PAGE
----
“When we acknowledge the scale of surveillance and covert policing that we face today,” writes Kewsi Shaddai in The Guardian’s Comment is Free, “the FBI’s renewed attempt to “recapture” Assata should disturb every single one of us.”
After more than a decade of civil rights activism with the Black Panthers and the Black Liberation Army, Assata was convicted for the murder of a New Jersey state trooper in 1973. Escaping from maximum security prison in 1979, she has been a fugitive ever since. Last year she became the first ever woman to make the FBI’s most wanted terrorist list.
In his double page spread for The Independent – ‘Black militant, fugitive cop killer, terrorist threat… or escaped slave?’ – Tim Walker takes a look at the many divisive faces of an American villain and heroine.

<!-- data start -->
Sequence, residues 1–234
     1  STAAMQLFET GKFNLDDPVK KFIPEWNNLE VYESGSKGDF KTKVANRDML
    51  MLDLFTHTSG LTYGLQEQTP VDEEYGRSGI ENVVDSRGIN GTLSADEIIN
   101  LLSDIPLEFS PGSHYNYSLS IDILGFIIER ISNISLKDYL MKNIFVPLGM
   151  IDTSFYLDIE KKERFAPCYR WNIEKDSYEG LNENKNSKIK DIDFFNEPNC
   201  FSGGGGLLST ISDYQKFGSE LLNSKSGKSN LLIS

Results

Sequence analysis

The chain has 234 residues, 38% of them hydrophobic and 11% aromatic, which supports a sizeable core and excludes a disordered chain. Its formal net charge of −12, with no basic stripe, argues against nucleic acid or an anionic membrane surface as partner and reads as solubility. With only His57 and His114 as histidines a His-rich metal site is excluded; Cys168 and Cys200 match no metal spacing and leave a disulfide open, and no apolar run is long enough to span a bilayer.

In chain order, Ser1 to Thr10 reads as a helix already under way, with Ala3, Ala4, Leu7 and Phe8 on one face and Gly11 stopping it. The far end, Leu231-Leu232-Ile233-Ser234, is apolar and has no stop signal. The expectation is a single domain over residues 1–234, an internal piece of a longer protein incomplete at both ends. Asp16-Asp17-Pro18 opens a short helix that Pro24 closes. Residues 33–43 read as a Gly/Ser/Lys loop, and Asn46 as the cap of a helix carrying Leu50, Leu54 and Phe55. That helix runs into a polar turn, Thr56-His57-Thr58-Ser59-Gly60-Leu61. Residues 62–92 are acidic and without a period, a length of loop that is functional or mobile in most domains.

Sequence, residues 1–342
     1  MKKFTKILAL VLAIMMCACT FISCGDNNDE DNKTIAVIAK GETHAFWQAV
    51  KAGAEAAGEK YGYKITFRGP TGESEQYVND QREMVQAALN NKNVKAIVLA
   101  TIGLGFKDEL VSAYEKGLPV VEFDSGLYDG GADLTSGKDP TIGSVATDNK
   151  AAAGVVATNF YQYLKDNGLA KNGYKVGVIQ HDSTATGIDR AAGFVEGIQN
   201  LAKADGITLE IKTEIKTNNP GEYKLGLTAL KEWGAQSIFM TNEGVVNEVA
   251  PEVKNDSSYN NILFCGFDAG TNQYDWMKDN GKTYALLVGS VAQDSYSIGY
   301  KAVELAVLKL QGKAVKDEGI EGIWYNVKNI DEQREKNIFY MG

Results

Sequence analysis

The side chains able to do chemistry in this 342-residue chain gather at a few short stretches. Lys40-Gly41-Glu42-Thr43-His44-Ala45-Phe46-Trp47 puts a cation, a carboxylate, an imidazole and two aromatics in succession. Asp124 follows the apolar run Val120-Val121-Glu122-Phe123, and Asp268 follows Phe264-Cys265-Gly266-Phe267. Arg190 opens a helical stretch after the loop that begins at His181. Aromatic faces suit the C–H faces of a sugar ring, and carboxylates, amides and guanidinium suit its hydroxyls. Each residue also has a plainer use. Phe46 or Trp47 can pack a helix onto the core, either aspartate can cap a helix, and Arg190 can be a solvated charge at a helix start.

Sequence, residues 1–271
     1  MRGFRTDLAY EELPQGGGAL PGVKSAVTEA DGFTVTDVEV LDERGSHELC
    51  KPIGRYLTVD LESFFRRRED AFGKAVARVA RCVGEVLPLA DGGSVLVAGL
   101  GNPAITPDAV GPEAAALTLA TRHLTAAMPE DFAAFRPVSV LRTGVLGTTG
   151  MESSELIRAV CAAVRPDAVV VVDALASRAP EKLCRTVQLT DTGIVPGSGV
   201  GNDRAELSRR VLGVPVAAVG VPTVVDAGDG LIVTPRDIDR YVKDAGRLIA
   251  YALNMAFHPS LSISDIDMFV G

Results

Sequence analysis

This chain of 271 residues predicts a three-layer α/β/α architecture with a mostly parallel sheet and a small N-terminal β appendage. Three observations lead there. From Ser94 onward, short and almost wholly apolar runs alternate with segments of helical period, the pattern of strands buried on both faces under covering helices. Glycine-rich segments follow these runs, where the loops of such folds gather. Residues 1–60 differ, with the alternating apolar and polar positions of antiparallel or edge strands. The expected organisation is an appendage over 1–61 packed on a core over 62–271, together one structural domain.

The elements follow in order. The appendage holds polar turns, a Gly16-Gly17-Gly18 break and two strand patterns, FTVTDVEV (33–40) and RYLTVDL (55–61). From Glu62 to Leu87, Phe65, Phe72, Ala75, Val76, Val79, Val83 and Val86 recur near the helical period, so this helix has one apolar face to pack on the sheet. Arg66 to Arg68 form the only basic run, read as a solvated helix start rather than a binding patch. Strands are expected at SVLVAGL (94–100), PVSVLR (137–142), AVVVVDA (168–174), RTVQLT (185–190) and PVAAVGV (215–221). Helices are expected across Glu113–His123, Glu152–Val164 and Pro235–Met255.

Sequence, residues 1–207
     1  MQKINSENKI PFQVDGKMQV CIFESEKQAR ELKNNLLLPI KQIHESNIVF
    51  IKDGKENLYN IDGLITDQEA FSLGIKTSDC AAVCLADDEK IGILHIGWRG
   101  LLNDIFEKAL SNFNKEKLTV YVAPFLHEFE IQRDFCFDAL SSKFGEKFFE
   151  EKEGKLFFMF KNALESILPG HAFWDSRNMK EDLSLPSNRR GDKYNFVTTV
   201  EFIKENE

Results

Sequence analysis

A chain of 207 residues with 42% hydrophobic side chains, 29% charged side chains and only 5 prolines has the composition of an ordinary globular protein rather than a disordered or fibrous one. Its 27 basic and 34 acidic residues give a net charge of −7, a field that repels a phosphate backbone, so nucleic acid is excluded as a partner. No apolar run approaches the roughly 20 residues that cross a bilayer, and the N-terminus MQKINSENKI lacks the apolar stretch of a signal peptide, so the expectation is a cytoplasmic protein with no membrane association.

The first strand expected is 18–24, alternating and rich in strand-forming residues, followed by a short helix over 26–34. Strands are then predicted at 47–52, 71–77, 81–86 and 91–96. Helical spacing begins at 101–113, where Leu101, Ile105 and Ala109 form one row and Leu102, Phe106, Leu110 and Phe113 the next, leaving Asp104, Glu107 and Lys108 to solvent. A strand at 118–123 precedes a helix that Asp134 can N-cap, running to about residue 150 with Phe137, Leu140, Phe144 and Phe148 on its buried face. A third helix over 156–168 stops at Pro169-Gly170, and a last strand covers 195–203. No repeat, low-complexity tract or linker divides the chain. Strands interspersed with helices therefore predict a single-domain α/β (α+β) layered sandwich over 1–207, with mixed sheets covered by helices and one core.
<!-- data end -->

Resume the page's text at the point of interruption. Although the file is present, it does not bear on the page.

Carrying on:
Meanwhile, in her cover feature for The Guardian’s G2 magazine, charting Assata’s rise from tom boy misfit to civil rights activist to become one of the FBI’s most-wanted ‘terrorists’, Bim Adewunmi asks: “Is she still such a threat to US security that she warrants a $2m reward for her capture?”
Lastly, prize-winning British author and poet Bernardine Evaristo writes in the Independent Magazine how “Shakur is definitely the feisty heroine of her own story, and has long been an iconic figure, now with a $2m bounty on her head.”
With her conviction and ‘terrorist’ classification seen by many as emblematic of institutional racism in the USA, and as godmother to rapper Tupac Shakur, Assata has been eulogised by some of hip hop’s brightest stars, from Public Enemy to Jay-Z, via Common. To listen to our Assata-inspired playlist, click below.
Assata: An Autobiography by Assata Shakur is published by Zed Books, available to buy online and in shops nationwide.
The new edition will be launched at an event at the new Black Cultural Archives in Brixton, London, on 21 August. Joining us will be rapper Akala and performance poet Zena Edwards. For further details click here and scroll down. Tickets are free but RSVP is essential.